Steel Wire Armoured Cable: All you need to know
SWA Cable, abbreviation for Steel Wire Armoured Cable, is a hard-wearing power cable designed for the supply of mains power, or to quote most electricians a pain in the ar… neck. swa stripping tool
SPOILER ALERT: A solution for Electricians, Engineers, Contractors, Construction Managers, Project Managers and anyone dealing with SWA Cable at the end of this post (SWA Stripping Tool).
What is an SWA Cable?
SWA is a power and auxiliary control cable, designed for use in mains supply electricity. It is one of the various protected electrical links – including 11 kV Cable and 33 kV Cable. Found in underground systems and frameworks, cable networks, control systems, power networks, outdoor and indoor applications, and cable ducting.
Steel Wire Armoured Cable’s design features have mechanical protection, which explains its common use for external applications. The armour reduces any risk of pinching or damaging the cable, while the steel protects the armoured cable. SWA cables are heavy, which makes them extremely difficult to bend; therefore they are most suited to underground cabling or fixed to outdoor walls using cable cleats.
Other widely used terms for it are: Mains Cable, Armoured Cable, Booklet Armoured Cable and Power Cable. The name Power Cable though, applies to a large variety of links including 6381Y, 6491X, NYCY, NYY-J Cable.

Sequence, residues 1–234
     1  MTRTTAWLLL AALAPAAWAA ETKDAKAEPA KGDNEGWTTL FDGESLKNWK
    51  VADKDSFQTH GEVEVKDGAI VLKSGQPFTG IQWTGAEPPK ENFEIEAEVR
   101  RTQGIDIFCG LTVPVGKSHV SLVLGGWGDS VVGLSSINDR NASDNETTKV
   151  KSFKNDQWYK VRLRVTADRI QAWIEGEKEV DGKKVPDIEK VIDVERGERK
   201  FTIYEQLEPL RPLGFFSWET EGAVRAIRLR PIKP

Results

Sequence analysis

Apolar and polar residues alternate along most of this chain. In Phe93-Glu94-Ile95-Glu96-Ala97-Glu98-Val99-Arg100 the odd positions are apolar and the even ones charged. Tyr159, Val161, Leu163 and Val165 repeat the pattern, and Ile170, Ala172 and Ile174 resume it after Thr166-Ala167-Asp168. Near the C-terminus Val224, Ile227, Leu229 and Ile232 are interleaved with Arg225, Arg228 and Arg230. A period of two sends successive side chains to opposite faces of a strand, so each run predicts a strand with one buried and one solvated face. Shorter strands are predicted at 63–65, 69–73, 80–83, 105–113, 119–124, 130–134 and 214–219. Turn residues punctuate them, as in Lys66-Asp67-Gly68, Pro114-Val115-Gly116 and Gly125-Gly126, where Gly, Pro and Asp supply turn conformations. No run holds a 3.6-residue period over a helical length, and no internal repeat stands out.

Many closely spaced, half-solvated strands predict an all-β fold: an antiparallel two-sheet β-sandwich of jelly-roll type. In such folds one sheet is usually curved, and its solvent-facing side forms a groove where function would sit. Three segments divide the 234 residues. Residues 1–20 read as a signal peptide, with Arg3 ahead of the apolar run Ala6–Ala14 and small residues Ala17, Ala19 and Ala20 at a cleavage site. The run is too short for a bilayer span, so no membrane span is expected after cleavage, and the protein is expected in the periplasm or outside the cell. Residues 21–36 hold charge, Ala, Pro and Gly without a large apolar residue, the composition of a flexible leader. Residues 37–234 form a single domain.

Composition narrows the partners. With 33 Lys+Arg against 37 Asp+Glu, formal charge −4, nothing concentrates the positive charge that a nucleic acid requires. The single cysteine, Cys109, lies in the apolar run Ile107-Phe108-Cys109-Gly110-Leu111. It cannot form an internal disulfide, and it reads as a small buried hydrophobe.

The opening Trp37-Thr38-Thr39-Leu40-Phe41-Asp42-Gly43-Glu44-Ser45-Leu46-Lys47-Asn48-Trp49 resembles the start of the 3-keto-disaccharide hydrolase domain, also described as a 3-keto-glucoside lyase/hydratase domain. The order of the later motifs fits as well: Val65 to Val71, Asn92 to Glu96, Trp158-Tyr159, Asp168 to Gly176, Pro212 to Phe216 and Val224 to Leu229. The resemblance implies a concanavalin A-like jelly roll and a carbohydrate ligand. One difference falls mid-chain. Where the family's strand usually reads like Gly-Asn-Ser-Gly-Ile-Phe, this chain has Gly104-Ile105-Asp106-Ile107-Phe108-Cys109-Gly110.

(For our fellow Americans: replace Armoured with Armored)
Using Steel Wire Armoured Cable as Earthing
Using armour as the means of providing earthing/ grounding to the equipment supplied by the cable, is a subject of controversy within the electrical installation industry. This function is technically famous as circuit protective conductor or CPC.
Usually an additional core within the cable is the CPC (for example, using a three core cable instead of a 2-core one for line and neutral, and the armouring as the CPC) or an outside earth wire runs alongside the cable, serving as the CPC. The main concerns are:
- The relative conductivity of the armouring compared to the cores (which decreases as the size of the cable increases),
- Reliability and Health & Safety issues.
According to recent articles and research by authoritative sources, a detailed analysis of the practice concluded that, in most cases, the armouring is suitable to serve as the CPC under UK Wiring Regulations.
(For more information on Earthing click here)
Construction of SWA Cables
The typical construction of a Steel Wire Armoured Cable includes:
- Conductor: Class 2 Plain Stranded Copper (Cu) Conductor, complying with BS EN 60228:2005.
- Insulation: Cross-Linked Polyethylene (XLPE) is used as insulation in many power cables, due to its excellent electrical properties and water resistance. It also ensures that conductors and other metal substances do not come into contact with each other.
- Bedding: Polyvinyl Chloride (PVC) is used as bedding to provide a protective boundary between inner and outer layers of the cable.